Former International footballer star, George Weah, has been was named winner of Liberia’s presidential (Run-Off) election on Thursday, beating his challenger in the country’s first landmark democratic transfer of presidential power in seven decades in the West African new beacon of hope state since the end of two civil wars, political assassinations and a destructive Ebola crisis.
Former ‘World Footballer’ coveted Ballon D’Or football award winner, George Weah, defeated Vice President Joseph Boakai to win with 61.5 percent of the vote, based on 98.1 percent of ballots cast, from 56% turnout for the second round vote, the election commission said.
With almost all ballots counted, National Election Commission President Jerome Korkoya said final results would be released on Friday, but Weah wasted no time in acknowledging his win.
“My fellow Liberians, I deeply feel the emotion of the entire nation. I measure the importance and the responsibility of the immense task which I embrace today. Change is on,” he posted on Twitter.
And immediately, hundreds of his supporters took to the streets of Monrovia, singing, dancing and embracing each other as news of his victory spread.
Weah will succeed Ellen Johnson Sirleaf as Liberia’s president next month; Sirleaf became Africa’s first elected female head of state and in 2011 was jointly awarded the Nobel Peace Prize.
Weah, 51, led the first round of voting on October 10, but he failed to get the requisite 50 percent of votes to win. With this win, he’s set to replace Ellen Johnson Sirleaf, who took over in 2006 at the helm of the West African state founded for freed slaves.
Observers hailed a credible election held without a single major incident of violence, despite weeks of delays caused by legal challenges backed by Boakai’s Unity Party against the electoral commission over the conduct of the first round. Many of the complaints appeared to have been addressed in the second round.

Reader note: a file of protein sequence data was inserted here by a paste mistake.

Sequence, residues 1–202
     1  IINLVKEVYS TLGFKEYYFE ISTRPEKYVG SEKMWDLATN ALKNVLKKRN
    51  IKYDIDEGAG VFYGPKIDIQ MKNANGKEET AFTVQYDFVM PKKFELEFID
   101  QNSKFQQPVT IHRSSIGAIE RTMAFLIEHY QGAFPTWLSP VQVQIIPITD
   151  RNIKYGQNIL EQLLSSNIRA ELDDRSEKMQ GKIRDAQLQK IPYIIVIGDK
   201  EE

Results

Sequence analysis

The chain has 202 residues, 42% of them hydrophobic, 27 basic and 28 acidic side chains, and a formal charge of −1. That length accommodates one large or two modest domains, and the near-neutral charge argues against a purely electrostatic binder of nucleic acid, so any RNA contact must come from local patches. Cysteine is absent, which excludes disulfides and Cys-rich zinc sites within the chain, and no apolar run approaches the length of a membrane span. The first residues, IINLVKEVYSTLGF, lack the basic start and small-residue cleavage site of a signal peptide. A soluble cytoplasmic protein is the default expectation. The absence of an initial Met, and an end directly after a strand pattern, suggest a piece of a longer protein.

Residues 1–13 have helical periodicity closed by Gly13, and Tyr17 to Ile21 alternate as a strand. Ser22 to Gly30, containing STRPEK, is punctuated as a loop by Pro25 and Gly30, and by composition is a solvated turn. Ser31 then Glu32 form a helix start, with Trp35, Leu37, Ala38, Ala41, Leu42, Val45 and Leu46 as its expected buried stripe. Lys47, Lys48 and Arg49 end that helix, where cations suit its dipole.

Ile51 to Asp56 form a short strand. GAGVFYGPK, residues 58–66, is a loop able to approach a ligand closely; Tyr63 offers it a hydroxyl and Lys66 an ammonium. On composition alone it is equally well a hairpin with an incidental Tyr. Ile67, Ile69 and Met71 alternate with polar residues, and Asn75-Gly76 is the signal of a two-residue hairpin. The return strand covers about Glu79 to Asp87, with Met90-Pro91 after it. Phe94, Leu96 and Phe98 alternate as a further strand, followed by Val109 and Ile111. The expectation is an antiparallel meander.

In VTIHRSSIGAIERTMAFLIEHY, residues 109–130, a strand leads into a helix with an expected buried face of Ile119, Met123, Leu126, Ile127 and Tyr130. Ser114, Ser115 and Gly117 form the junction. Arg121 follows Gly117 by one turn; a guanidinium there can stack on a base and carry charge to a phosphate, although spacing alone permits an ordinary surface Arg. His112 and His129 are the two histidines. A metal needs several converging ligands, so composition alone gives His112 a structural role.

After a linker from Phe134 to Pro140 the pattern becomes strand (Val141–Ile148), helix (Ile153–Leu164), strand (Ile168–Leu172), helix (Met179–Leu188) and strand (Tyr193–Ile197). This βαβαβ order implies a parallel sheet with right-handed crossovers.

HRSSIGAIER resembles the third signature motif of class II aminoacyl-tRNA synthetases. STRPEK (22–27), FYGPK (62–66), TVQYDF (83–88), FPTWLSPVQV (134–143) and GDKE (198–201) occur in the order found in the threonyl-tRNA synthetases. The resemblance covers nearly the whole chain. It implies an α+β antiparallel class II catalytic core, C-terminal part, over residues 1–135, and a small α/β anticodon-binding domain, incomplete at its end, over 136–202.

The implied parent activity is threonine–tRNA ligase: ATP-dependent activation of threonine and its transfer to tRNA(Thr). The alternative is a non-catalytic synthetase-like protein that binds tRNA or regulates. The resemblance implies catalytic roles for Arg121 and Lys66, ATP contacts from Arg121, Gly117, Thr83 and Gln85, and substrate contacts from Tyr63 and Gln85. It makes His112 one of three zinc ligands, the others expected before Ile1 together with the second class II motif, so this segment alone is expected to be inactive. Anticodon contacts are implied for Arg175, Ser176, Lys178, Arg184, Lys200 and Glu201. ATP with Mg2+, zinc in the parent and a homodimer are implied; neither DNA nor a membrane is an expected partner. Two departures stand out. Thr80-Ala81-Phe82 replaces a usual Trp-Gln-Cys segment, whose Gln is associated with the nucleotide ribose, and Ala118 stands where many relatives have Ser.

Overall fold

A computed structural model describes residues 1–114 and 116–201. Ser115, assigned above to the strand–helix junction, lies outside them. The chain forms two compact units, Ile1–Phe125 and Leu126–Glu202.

United Nations Secretary-General Antonio Guterres hailed the “peaceful conduct” of the second round vote, commending in a statement “the government, political parties and the people of Liberia for the orderly poll.”
“I’ve never been so happy in all my life. We were in opposition for 12 years. We’re going to make history, like the children of South Africa did. I’m so excited,” said Josephine Davies, vice president of the youth wing of Weah’s Congress for Democratic Change.
“We’ve waited 12 years, now power is going to the people.”
The presidential run-off election was delayed for seven weeks due to legal challenges lodged by Boakai’s Unity Party against the electoral commission over the conduct of the first round; hence the need to address most of the challenges before the electoral commission could proceed for the second round elections.
President Sirleaf’s office has announced that, it had set up a team “for the proper management and orderly transfer of executive power from one democratically elected president to another” with several ministers included in the team.
Liberia, founded in 1847 by freed US and Caribbean slaves, is the oldest African republic that witnessed back-to-back civil wars between 1989 and 2003 with two assassinated presidents and an estimated quarter of a million people dead from the civil wars.
President-elect, George Weah who played for top European football teams Paris Saint-Germain, AC Milan and Chelsea, first ran for Liberian presidency and lost to Sirleaf in the second round of voting in the 2005 election.
He also lost a bid for vice presidency in 2011; however, was elected to Liberia’s senate in December 2014. He was similarly frustrated when he ran for vice-president in 2011, but his CDC party repeatedly urged its young and exuberant supporters to keep calm.
Young Liberians sees Weah’s rise from the slums of Monrovia to achieve his many successes against all odds as an inspiration they can relate to and thus feels that Weah understands what the country needs to meet their respective needs.